This post is to my friends in the trenches of displacement. Do you ever find yourself in over your head, too afraid to ask for help? Thatâ€™s where I found myself last July. Brian found out he was injured and the reality began to sink in that we would stay in Florida for an unforeseen amount of time. My mind started to crumble because I realized I missed a huge opportunity to create community. Our baseball friends would go home and enjoy their offseason and we were left with no one.
The AFL has already introduced a father-daughter rule that links the daughters of AFL players to their AFLW clubs. But a similar rule for the children of female players is yet to be decided. The Adelaide Crows star’s wife Tracy Gahan gave birth to the couple’s twins, daughter Brooklyn and son Blake, last year in Dallas, Texas. The family divide their time between Australia and the US where Phillips is director of player and franchise development for the WNBA basketball team Dallas Wings.
A friend was in my room a few days ago and started writing on the whiteboard hanging from my roommate’s wardrobe door. This event shouldn’t have been noteworthy; we’re always leaving quotes, messages, drawings and “____ was here” messages for one another to find.
Muck Rack makes it simple to find people, tweets, or articles that mention any name, keyword, company, hashtag etc. We've compiled this guide to help you make the most of your search.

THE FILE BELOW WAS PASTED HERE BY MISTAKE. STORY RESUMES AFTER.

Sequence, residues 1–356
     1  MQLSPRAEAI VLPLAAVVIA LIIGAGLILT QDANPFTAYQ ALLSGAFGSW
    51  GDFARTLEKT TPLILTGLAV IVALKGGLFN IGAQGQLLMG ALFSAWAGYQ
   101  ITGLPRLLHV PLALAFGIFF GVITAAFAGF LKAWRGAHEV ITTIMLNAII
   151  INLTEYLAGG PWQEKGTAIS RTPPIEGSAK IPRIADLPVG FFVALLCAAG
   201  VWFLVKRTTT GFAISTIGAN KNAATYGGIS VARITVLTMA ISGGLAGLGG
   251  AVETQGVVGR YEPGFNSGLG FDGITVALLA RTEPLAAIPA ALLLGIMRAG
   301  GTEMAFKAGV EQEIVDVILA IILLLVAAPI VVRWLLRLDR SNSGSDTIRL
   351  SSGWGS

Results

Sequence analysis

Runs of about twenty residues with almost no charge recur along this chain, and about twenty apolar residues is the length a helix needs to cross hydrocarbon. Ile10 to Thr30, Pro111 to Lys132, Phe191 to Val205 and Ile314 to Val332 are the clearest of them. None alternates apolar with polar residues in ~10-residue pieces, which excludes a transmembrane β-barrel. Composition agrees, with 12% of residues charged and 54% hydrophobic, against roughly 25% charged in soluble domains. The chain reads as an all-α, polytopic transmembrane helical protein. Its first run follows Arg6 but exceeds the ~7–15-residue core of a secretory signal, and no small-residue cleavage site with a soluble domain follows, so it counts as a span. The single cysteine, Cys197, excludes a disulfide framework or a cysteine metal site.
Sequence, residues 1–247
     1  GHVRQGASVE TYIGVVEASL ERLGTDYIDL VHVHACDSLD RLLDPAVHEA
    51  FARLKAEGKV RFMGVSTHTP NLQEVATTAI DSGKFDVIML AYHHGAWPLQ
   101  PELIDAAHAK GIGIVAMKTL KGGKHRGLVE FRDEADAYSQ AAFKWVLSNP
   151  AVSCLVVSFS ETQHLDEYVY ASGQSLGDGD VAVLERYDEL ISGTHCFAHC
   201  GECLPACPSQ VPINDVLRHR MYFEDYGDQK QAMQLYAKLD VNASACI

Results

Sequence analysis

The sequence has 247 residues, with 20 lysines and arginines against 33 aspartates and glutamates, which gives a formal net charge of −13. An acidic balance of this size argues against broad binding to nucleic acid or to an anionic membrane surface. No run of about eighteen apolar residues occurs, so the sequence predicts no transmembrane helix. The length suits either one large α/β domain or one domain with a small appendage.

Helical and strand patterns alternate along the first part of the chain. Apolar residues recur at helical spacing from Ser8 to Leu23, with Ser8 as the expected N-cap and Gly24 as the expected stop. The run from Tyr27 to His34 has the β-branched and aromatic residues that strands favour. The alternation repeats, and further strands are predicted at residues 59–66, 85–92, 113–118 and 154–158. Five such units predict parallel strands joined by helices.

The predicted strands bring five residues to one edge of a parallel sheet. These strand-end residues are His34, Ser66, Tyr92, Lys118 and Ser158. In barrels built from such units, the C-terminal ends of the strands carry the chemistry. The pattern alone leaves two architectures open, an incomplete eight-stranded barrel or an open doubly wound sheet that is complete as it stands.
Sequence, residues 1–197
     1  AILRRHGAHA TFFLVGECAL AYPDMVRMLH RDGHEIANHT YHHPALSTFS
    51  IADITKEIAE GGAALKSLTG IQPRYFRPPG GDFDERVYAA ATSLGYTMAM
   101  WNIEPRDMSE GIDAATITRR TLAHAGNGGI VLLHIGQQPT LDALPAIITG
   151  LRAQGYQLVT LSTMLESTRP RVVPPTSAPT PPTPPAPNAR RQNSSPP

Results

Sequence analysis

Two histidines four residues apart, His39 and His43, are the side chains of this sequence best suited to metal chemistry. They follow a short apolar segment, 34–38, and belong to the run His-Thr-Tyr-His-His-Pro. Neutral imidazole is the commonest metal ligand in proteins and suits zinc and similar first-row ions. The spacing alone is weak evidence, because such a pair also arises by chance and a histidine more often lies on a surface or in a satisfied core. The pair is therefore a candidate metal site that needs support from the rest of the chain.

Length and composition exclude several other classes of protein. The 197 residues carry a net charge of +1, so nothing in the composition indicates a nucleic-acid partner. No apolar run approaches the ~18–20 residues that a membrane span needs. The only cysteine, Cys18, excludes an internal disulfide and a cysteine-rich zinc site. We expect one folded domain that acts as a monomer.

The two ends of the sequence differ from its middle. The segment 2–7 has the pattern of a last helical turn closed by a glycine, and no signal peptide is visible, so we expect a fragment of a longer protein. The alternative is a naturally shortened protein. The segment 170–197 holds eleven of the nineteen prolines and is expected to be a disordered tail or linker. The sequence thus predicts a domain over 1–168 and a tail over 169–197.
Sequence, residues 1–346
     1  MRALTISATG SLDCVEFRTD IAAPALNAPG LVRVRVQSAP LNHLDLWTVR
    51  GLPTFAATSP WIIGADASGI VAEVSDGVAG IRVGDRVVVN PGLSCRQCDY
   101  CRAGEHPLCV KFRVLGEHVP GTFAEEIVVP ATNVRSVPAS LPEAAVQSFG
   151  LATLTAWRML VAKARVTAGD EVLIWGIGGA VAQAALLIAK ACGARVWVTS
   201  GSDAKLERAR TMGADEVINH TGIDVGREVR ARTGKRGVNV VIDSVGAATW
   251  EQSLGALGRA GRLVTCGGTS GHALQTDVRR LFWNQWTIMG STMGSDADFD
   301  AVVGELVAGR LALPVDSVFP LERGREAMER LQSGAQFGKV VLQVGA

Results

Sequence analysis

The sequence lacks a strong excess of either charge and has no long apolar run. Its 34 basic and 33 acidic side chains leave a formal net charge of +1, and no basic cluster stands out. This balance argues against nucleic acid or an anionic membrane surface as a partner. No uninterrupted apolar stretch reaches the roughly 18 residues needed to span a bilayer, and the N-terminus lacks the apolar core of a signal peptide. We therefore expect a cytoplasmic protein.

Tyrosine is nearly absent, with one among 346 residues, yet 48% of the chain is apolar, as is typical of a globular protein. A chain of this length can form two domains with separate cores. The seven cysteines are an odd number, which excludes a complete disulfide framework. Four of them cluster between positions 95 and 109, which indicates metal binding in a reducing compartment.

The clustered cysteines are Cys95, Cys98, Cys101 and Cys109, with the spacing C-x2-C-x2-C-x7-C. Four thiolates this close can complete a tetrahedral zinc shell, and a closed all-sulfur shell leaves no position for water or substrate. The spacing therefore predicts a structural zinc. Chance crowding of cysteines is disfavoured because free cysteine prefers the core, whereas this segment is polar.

Selecting a term
Start searching tweets, articles from media outlets, articles mentioned in tweets, journalists'
names, titles and bios with some suggested searches:
Companies or Topics (e.g. iPhone, Microsoft)
Phrases (e.g. "cloud computing") — use quotes to keep the terms together
Twitter handles (e.g. @username) — returns those who have mentioned or replied to
Names (e.g. "David Pogue")
Hashtags (e.g. #sxsw, #london2012)
Bio details (e.g. vegan, Olympics, father)
Muck Rack's Advanced Search allows for many boolean operators.
Find results that mention multiple specified terms, use AND or
+. For example, ensure each result contains both Elon Musk and Mark Zuckerberg by
searching Obama AND Romney or Obama + Romney.
Use the operators OR or , to broaden your search when you'd like either of
multiple terms to appear in results. (This is the default behavior of our search when no operators
are used.) For example, search for democrat OR republican to find results that refer to
Democrats and/or Republicans.
Use NOT or - to subtract results from your search. For
example, searching Disney will yield results about the Walt Disney Company as well as Walt Disney
World Resort. To exclude mentions of Disney World, search for Disney -World or Disney
When using one of these operators with a phrase, enclose it in quotation marks. For example, you can
find results about smartphones excluding Apple's iPhone 4S by searching smartphone -"iPhone
Exact case matching or punctuation
If you're searching for a brand name or keyword that relies on specific punctuation marks or capitalization, you can
find results that match your exact query by adding matchcase: before the keyword you're searching for, like matchcase:E*TRADE .
Use parentheses to separate multiple
boolean phrases. For example, to find journalists talking about having fun in Disney World or
Disneyland, search for ("disney world" OR disneyland) AND fun.
An asterisk can be used to search for any variation of a root word truncated by the asterisk. For example, searching for admin* will return results for administrator, administration, administer, administered, etc.
A near operator is an AND operator where you can control the distance between the words. You can vary the distance the near operation uses by adding a forward slash and number (between 0-99) such as strawberries NEAR/10 "whipped cream", which means the strawberries must exist within 10 words of "whipped cream".